An absolutely fascinating insight into what I perceive as a taboo subject in many walks of life,medical among them. Having had a major”episode” in Jan 2012 due to the sudden and totally out of the blue end to my 21 year marriage,I now find myself a regular visitor to my local CMHT on the South Coast, sampling various meds and therapies to stave off my demons,most unsuccessfully. An amazing account of your daily struggle and I can fully engage with around 90% of your emotions etc. Considering what I’ve done in my life,I would have said I was the last person to crack under pressure and be carted off in the early hours, an emotional and physical wreck. Just reaffirms the old adage that we don’t even know ourselves properly.
    Best wishes from the sunny (yeah right) South Coast.

  7. Bek says:

    I really loved reading this, thank you. You write so well and eloquently and I hope that you can forge ahead with a new career in the future. I’m the same age as you, my experience is that I’ve gone through losing my family and having DV in the past few years, so I am nervous about having a label ‘affixed’ to me at the moment and am not as compliant as you were with doctors 😉 I have found it very psychosomatic though, if you have your mental health questioned, you feel less mentally healthy.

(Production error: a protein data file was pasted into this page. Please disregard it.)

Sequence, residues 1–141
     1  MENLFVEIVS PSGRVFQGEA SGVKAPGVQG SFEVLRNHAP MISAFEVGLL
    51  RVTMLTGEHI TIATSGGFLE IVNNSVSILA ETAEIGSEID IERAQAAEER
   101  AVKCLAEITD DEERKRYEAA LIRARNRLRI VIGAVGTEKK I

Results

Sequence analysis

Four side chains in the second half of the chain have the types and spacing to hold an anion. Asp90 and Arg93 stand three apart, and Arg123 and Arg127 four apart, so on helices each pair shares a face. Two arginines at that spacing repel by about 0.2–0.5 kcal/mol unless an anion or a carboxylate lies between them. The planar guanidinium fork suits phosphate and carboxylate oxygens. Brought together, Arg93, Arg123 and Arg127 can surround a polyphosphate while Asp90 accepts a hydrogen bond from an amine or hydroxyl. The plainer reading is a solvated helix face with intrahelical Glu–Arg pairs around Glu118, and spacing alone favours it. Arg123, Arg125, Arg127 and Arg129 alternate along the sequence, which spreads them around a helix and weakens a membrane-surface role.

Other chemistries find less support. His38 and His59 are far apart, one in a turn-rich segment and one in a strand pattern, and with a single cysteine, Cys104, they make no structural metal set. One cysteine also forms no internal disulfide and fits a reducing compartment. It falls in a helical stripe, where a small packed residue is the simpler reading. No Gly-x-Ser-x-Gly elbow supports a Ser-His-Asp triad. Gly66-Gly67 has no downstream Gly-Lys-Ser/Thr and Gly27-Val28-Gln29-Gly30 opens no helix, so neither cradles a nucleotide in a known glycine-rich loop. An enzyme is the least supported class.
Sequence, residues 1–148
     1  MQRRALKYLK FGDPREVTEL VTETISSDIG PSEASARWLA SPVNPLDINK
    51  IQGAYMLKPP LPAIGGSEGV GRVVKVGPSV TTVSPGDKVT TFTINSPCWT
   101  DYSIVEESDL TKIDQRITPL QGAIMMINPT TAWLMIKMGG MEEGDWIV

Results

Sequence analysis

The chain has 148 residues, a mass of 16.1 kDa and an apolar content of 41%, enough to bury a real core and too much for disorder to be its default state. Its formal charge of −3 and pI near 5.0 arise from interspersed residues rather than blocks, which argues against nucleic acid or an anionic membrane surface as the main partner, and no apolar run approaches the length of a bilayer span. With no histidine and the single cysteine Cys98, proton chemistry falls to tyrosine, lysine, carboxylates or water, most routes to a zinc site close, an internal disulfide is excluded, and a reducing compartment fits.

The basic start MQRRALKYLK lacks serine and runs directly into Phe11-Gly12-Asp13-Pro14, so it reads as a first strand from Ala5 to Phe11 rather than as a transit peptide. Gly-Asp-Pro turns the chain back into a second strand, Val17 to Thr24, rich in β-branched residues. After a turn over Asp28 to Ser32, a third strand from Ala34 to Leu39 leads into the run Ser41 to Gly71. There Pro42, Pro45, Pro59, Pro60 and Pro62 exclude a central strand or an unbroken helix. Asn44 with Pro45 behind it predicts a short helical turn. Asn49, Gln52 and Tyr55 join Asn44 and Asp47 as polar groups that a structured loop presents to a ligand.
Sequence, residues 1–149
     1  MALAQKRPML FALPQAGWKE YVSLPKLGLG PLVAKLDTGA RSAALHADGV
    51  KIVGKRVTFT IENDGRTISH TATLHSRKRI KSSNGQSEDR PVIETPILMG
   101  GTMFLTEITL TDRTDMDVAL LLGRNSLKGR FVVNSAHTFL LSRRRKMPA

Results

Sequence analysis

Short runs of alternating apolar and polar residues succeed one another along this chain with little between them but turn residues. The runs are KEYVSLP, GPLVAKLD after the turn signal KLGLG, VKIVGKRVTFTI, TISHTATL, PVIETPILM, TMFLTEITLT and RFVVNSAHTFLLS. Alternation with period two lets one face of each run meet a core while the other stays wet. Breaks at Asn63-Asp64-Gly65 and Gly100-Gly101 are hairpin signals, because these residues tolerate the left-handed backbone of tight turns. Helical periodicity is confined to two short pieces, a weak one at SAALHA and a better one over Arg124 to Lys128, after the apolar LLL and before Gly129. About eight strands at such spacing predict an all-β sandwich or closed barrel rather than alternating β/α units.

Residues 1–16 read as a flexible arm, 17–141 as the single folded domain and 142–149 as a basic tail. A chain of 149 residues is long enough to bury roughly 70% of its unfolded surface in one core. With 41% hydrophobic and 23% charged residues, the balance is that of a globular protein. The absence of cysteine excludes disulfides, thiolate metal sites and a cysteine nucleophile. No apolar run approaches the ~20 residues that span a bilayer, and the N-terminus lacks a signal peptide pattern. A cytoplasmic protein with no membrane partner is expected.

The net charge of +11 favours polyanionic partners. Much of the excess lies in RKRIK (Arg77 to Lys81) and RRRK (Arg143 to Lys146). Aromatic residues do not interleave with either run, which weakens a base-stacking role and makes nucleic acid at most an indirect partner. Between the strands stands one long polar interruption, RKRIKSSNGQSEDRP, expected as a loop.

It really IS like ‘through the looking glass’. Wish you all the best and glad you have lovely children and partner, will check in again to find out how you are getting on.

  8. Congratulations on your award from all of us at the Maternal Mental Health Alliance, and on an excellent interview on Woman’s Hour. Great to hear you describe how this illness can affect women antenatally and postnatally, and to hear your robust self-management of your own illness. As a psychiatrist I see my primary role as providing up to date information and helping people to make sense of it and use it, but not to make their decisions for them. Keep up the fantastic work.